Wax is used as treatment, coating, laminate and impregnation of primary food contact materials such as paper, board, aluminum. It is used as a lubricant to reduce friction in the manufacturing process [1]. It may also be used to coat food directly, such as  in the case of fruit and cheese, in which case it is edible [12] Waxes may be petroleum based such as paraffin waxes or made of natural material such as beewax, soywax or candelilla wax.

Paraffin waxes are a solid mixture of saturated hydrocarbons. They may be mixed with small PE molecules to modify melting points. UV light and heating can lead to the degradation of waxes. Consequently, some antioxidant may be added to improve the functionality. Further, plasticizers and water proofing agents might be added [1].

Waxes are used in food packaging materials because they have good moisture barrier characteristics. As such they can protect dry foods from environmental moisture or reduce moisture loss of the food stuff [3]. Further, a wax coating may protect food stuff during transport and handling.

Yet, there is concern that waxes and their other components may migrate into food stuff, particularly if they are part of the food contact layer. A study by Varner et al. showed that it was possible to measure benzophenone in paraffin waxes used in food contact materials, but no migration studies are available to this point [4].

Food contact materials are regulated under the EU Framework Regulation EC 1935/2004 on materials and articles intended to come into contact with food. In principle waxes can be regulated under this framework. Waxes that are part of a polymer material or made from polymers themselves are regulated under EC 1282/2011 on plastic materials. Yet, for all other food contact materials no specific regulation on waxes has been enacted in the EU.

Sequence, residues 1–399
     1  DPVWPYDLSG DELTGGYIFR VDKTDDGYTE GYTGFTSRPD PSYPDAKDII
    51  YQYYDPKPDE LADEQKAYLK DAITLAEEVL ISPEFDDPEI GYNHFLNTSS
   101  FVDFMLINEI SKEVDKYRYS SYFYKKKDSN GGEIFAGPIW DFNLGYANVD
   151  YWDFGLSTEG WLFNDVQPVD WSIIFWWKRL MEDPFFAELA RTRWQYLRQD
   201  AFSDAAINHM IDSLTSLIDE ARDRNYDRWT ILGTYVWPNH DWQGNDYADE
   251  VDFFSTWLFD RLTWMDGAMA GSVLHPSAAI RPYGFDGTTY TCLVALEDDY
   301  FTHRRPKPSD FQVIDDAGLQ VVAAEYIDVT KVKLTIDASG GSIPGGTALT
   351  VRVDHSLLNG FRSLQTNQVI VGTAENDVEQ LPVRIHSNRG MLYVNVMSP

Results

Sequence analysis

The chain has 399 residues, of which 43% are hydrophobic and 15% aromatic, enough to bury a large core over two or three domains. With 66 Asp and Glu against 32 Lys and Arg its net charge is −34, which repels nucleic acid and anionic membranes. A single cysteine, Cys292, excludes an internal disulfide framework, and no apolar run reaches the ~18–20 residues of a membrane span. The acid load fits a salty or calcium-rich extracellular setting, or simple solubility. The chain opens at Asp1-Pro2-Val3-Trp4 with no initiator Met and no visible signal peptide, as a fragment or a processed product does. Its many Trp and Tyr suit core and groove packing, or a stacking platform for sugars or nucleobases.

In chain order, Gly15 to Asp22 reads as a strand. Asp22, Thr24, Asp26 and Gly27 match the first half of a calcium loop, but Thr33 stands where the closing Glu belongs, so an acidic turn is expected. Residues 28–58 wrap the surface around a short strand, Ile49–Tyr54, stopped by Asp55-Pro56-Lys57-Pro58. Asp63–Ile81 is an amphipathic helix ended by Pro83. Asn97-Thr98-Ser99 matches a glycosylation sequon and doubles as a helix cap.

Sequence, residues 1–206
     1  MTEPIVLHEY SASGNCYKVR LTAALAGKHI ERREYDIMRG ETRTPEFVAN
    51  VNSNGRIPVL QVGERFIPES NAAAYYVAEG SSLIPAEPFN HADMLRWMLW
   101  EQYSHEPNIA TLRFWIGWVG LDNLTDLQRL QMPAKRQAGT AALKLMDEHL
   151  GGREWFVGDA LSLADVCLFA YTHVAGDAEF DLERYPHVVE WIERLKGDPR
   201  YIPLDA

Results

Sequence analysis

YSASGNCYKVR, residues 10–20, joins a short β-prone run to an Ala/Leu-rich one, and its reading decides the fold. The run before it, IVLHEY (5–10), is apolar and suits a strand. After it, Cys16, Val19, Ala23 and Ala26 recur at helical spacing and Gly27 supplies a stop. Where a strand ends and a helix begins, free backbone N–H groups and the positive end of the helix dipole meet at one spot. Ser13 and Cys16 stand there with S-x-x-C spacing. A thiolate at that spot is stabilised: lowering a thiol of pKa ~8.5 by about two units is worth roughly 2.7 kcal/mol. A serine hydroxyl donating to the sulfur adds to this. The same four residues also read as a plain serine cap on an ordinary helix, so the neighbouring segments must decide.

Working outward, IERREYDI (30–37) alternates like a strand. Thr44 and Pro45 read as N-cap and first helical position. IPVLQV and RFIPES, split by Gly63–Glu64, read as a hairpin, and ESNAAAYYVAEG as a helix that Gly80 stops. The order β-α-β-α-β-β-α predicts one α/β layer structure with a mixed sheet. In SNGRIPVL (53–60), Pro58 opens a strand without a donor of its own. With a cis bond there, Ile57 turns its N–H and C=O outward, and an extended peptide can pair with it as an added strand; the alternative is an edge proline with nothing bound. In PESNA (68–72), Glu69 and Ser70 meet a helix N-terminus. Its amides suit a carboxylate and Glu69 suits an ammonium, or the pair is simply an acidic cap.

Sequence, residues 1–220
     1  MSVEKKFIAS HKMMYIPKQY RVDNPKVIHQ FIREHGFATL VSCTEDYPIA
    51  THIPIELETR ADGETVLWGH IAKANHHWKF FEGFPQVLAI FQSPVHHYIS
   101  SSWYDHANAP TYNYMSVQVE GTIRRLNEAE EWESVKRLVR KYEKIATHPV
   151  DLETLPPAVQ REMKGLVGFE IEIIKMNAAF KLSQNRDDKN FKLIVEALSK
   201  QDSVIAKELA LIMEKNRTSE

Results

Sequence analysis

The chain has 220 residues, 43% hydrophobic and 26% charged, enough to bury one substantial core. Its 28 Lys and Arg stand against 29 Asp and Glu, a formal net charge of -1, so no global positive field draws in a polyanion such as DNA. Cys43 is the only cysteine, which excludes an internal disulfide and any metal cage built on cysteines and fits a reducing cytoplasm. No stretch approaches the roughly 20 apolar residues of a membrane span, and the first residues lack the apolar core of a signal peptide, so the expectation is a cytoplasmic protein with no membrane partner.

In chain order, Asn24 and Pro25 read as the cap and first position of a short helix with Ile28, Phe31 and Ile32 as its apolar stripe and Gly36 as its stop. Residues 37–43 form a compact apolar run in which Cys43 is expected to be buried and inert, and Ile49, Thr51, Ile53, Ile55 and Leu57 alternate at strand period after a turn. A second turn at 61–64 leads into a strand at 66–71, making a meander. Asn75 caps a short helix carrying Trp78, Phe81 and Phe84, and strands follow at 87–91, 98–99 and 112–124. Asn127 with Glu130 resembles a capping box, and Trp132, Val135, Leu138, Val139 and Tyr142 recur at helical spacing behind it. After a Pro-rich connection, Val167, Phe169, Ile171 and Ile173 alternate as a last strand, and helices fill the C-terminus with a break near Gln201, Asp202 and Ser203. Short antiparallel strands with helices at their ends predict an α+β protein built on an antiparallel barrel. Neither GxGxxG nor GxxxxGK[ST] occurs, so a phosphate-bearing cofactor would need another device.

In the US, waxes used in food contact materials are regulated in the Code of Federal Regulations,Title 21 on food and drugs, part 174 to 180. As such, paraffins (synthetic) are authorized as adhesives and coatings in §175.250 (21 C.F.R. 175.250) with certain specifications. Petroleum waxes, synthetic petroleum wax and reinforced wax are permissible in food contact materials as adjuvants, production aids and sanitizers if they meet certain specifications including a ultraviolet absorbance limit (CFR, 21, 175.3710/3720/3850).


1.         Parisi, S., Food packaging and food alterations: the user oriented approach. Shawbury: Smithers Rapra. 392

2.         Appendini, P. and J.H. Hotchkiss, Review of antimicrobial food packaging. Innovative Food Science & Emerging Technologies, 2002. 3(2):113-126.

3.         Riederer, M. and L. Schreiber, Protecting against water loss: analysis of the barrier properties of plant cuticles. Journal of Experimental Botany, 2001. 52(363):2023-2032.

4.         Varner, S.L., H.C. Hollifield, and D. Andrzejewski, Determination of benzene in polypropylene food-packaging materials and food-contact paraffin waxes. Journal – Association of Official Analytical Chemists, 1991. 74(2):367-374.